Arlandabanan Project Agreement

The total cost of investment in the project amounted to SEK 6 billion, of which SEK 2 billion was financed by public subsidies to the Swedish Railway Administration, which built the quadrirail along the east coast line. The public-private partnership component of the project included two new tracks in Stockholm C and Arlanda, which cost SEK 4.1 billion. Of this amount, SEK 2.4 billion was financed by the State. In addition, if A-Train did not comply with its financial obligations to the bank, the State of Nordea held a financial guarantee for the X3 trains. A-Train also benefited from an interest-free deferral for the payment of costs to Stockholm C and Arlanda, which cost the State SEK 90 million. Of A-Train`s SEK 2.2 billion capital loan, SEK 1.8 billion was lent to three state-owned financial institutions: the Swedish National Debt Office, Swedish Export Credit Corporation and nordic Investment Bank. In addition, 20% of the share capital was insured by Vattenfall`s own funds in the company. [9] The Swedish Railway Administration had proposed to build the line with the government authority as owner, either with SJ or with private railway companies as train managers. Carl Bildt, however, wanted the private sector to be involved in the construction and operation of the line. [10] In 1993, the government issued a public tender for the construction and operation of the line. In 1994, the Arlanda Link consortium was selected, consisting of the Nordic Construction Company, SIAB, Vattenfall, GEC-Alsthom and Mowlem. A-Banan Projekt AB was established in 1994 as a limited company to oversee the project. The consortium created A-Train AB as a project promoter and then operates the Arlanda Express until 2040.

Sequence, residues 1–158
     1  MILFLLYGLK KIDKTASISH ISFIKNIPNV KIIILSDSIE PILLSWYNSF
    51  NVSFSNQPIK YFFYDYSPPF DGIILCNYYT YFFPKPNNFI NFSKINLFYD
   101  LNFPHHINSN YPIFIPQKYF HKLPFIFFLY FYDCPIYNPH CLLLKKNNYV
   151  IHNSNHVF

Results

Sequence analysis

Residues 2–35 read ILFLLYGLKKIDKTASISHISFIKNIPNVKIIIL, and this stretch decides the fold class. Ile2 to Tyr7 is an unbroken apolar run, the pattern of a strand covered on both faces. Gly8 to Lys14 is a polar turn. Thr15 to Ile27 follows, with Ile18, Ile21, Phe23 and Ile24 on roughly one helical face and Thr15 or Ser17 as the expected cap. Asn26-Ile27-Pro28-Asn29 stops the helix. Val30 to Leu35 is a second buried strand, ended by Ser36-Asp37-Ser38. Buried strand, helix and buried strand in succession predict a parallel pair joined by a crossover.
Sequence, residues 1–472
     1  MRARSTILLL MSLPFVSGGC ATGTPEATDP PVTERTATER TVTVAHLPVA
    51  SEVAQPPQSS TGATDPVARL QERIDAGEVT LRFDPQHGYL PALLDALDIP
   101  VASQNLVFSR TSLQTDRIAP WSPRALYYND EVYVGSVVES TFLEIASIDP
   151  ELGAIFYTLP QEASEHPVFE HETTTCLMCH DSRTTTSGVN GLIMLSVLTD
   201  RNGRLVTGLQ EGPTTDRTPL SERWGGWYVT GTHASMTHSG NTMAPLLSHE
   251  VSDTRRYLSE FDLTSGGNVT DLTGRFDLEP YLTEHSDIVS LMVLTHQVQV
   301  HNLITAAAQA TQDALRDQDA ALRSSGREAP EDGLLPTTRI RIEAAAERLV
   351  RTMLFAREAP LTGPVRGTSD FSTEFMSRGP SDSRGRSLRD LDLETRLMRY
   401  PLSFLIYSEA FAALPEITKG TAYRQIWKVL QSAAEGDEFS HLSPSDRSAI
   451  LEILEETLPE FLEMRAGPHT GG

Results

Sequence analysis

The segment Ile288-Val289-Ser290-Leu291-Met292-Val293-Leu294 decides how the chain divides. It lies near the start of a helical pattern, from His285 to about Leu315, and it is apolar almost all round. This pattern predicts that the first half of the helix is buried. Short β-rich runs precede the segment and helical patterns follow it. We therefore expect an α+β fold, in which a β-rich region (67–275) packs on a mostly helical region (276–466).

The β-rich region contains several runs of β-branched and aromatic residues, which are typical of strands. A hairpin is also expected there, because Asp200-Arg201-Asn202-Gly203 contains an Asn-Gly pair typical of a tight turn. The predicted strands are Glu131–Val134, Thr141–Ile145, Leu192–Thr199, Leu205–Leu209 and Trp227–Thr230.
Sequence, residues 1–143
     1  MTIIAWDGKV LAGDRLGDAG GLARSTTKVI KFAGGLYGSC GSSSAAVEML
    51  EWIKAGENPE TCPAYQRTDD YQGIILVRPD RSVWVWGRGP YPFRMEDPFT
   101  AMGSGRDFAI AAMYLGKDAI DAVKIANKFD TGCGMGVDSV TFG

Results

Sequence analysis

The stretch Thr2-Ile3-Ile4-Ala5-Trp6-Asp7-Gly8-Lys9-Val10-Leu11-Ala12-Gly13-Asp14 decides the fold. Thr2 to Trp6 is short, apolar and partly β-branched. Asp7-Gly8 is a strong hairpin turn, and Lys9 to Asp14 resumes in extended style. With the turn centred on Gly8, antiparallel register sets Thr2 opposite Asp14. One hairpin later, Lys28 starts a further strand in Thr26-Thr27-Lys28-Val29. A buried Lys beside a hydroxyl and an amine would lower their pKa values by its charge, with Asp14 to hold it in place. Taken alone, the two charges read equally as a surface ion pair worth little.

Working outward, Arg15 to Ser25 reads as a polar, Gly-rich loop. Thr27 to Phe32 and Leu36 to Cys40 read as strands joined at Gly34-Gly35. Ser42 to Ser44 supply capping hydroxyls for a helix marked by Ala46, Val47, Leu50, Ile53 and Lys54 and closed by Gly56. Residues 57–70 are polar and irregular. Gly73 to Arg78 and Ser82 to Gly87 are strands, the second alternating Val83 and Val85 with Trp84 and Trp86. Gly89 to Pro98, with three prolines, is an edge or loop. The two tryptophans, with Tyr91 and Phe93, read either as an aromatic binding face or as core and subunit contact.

Legal responsibility for the project was transferred from the consortium to A-Train in 1995. As part of the agreement, A-Train received from the Swedish government SEK 850 million as a grant and SEK 1 billion to finance the project. [8] The company was also allowed to operate a shuttle service between Stockholm C and Arlanda and to levy a non-discriminatory charge for all other trains using the line. [11] A-Train CEO Per Thorstensson said buying the line in 2010 would be a waste of taxpayers` money, given that the state would receive the line for free in 2040. [7] Originally, A-Train had to accumulate SEK 600 million in capital before paying dividends, but this was changed in 2008 to SEK 150 million following an agreement with Arlandabanan Infrastructure. [18] A 1989 study questioned the viability of such a link, so the line from Ulriksdal to Rosersborg was widened from two to four tracks as an emergency solution. The Swedish Railway Administration carried out the extension project. A project to develop new interior spaces for wagons began in 2005.

Björn Borg, selected as designer for the project, developed seven trains with different designs, colors and patterns. In a proposal adopted by the Reichstag on 7 October 2008, the Arlanda agreement was unanimously criticised as “the worst possible agreement Arlanda could have”. A-Train is free to set the fees it deems correct for the line, both with regard to the price of its own tickets for the Arlanda Express and the fees it charges to other train operators. This framework had led to a significant increase in ticket prices and a low use of public transport for ground transport to the airport. [15] [16] The airport rail link projects between Stockholm`s central business district and the airport were launched in the early 1980s. The aim was to reduce traffic congestion and emissions on the roads while allowing Arlanda to further increase the number of passengers. In the late 1980s, the Swedish Railway Administration drew up a specific plan including the construction of a branch line from the existing East Coast line. .

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